"I felt like — just like I told you — there was a tremendous need for that size of body in our program, we were looking for a big kid and that he possessed all the things that I felt like could break records at Nebraska."
DP: So that was early on during the visit then?
RF: "Yep. I remember when I went back because I went back and saw him like the next week and talking to his head coach. Obviously the kid was highly recruited, you get one shot to get him on campus for an official and make an impression and I remember going back to the school and coach Crutch, his high school coach, said, ‘I don’t know what you guys did up there but you made a tremendous impression on the mom and the kid and he’s got you guys at the top of the list.’
"That’s ideally what you want. You want to be in somebody’s top one or two, ideally in the top three, late in the recruiting process so I knew at that time that we had a tremendous shot and it wasn’t long after that they picked up the phone and committed to me."
DP: How did that phone conversation go when he committed? What did he say?
RF: "He just said that basically, he felt the most comfortable there, he enjoyed the environment, he enjoyed the energy of the program — I think he got to see us maybe practice for a bowl game — but he wanted to be a Husker.
"In recruiting, those are the best words that you can hear."
DP: Greatest play you’ve ever seen him make on a football field?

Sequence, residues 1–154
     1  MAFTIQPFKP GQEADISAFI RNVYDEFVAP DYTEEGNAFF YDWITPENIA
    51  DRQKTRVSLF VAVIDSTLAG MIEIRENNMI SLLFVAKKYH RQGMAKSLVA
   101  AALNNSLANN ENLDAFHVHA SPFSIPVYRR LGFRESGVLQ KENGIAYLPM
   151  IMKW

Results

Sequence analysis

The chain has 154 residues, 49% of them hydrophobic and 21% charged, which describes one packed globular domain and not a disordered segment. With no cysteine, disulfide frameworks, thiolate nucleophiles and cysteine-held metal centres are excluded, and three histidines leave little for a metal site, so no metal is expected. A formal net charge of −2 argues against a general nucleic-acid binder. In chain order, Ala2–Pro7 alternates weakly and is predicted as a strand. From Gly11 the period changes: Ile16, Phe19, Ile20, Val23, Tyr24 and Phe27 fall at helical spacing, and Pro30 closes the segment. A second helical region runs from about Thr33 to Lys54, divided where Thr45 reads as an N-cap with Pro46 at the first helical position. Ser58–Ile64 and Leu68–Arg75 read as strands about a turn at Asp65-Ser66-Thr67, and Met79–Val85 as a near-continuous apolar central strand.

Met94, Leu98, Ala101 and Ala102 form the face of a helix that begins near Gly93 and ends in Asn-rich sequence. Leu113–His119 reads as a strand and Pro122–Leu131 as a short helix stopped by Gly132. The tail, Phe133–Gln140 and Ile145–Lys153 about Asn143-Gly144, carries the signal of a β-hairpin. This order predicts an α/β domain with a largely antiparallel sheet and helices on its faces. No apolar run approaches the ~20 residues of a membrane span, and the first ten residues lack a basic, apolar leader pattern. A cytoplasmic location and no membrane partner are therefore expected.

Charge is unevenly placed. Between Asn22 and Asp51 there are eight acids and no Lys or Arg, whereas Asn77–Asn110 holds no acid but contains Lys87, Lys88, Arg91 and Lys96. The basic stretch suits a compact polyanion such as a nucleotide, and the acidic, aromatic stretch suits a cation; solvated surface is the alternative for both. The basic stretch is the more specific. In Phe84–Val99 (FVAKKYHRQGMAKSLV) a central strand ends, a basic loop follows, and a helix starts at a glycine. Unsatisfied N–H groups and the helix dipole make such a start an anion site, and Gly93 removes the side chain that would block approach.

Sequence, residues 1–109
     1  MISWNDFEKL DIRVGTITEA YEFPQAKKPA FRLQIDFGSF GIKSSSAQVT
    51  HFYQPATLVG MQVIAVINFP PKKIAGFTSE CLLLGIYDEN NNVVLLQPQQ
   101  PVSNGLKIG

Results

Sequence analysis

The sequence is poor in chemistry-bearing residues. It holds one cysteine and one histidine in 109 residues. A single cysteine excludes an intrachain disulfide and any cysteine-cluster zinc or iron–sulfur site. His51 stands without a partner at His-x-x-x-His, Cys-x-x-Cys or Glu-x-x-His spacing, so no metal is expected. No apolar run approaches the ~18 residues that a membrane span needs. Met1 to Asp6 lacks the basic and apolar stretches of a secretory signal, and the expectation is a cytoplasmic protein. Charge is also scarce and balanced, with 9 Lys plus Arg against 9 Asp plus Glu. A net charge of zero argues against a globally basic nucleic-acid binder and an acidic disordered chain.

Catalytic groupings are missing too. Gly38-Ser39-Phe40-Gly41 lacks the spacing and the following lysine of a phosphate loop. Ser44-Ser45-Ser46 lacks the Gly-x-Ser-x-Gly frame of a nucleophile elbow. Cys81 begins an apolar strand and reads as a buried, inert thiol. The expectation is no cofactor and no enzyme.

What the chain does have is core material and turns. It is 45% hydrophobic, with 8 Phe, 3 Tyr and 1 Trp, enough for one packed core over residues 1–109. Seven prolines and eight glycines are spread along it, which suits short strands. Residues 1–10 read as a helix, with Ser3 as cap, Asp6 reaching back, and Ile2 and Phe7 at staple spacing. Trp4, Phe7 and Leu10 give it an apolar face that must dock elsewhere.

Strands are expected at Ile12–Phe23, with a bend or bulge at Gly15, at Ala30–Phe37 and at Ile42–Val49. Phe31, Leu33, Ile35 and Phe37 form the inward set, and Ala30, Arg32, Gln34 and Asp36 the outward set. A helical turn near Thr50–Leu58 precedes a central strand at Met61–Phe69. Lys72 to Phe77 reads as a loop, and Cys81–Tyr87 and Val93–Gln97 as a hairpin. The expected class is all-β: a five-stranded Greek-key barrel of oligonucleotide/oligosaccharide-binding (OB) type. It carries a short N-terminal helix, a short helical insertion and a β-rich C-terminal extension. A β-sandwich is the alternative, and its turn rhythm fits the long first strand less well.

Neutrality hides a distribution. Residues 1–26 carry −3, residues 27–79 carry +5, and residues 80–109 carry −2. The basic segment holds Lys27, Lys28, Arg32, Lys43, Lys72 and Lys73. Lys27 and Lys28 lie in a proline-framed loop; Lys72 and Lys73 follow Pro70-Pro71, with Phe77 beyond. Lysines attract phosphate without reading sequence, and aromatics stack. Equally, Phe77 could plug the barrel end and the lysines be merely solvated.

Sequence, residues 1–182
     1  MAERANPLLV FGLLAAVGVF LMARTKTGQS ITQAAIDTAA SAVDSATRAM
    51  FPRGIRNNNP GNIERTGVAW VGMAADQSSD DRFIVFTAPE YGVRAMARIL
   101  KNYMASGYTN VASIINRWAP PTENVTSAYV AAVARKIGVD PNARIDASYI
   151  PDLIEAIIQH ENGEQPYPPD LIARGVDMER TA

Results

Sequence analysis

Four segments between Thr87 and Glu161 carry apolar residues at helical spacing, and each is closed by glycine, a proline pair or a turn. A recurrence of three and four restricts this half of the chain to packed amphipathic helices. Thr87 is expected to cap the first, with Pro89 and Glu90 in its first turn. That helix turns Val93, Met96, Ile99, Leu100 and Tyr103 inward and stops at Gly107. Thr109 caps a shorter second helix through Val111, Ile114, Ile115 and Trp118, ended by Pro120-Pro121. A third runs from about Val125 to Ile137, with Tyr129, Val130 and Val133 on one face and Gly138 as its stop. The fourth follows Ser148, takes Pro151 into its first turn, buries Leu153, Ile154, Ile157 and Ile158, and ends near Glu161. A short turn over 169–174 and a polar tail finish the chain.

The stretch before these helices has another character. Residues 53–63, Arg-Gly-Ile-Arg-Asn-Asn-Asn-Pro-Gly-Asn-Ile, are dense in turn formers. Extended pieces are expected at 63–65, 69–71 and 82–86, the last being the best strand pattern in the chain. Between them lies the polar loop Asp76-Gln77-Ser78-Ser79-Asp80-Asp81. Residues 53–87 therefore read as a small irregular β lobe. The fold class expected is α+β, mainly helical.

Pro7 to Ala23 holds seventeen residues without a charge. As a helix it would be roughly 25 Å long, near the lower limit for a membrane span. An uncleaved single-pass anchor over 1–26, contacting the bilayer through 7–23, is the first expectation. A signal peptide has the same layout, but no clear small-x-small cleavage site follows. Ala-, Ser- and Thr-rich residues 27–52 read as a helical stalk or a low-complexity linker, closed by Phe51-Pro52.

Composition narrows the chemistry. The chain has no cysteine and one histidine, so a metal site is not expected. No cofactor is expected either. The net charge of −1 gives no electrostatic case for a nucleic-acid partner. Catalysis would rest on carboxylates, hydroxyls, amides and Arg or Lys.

RF: "Oh boy. It’s funny because he’s done so many great things at Nebraska, but I’ll be honest with you, what really sold me on him, when I was like ‘this is the kid I want in my program,’ is he was at practice. Now, they used to practice in a park, they would walk down from [St. Augustine] into this park — it’s got swing sets and slides and the whole deal, they didn’t have a stadium to practice in and they would practice in this park — and I just remember his energy in practice, real infectious, he was loud and encouraging and he wanted the football and it was just kind of one of those deals where you’re like, ‘Man this kid is special.’
"The one thing that I always kind of questioned early on was exactly how fast is he? Can he separate from a defender? They ran a go route in practice and he was lining up against a pretty talented kid and I just watched him run by this guy on a deep ball. It kind of just was the moment for me where I was like this kid is plenty fast enough.
"I know some questioned his speed but the time on a clock is not determining if a kid is a player or not and he’s got so many other intangibles.
"I’ve watched him, the Husker games that I did see, in Miami he made a couple plays in that game down that were just tremendous. That play last year, he caught a game-winner didn’t he?"
DP: Uh, the Purdue game.
RF: "The Purdue game. The catch in the Purdue game. There’s just so many plays where you’re like, ‘Wow, this kid is special.’ He reminds me of one of those kids when the game is on the line he wants the ball. He’s one of those guys that if he’s playing basketball, he wants the last shot. If it’s the last play of the game and they’ve got to throw the ball to somebody, throw it to me, and not everybody has that. Some people shy away from the moment. Stanley all through the recruiting and what I’ve seen, he’s made a lot of moments. That’s just a sign of somebody that’s not afraid to take a risk and I think that’s what makes him really successful."
DP: He told me his favorite thing to do on a football field was block, that surprise you at all?
RF: "Warms my heart, man.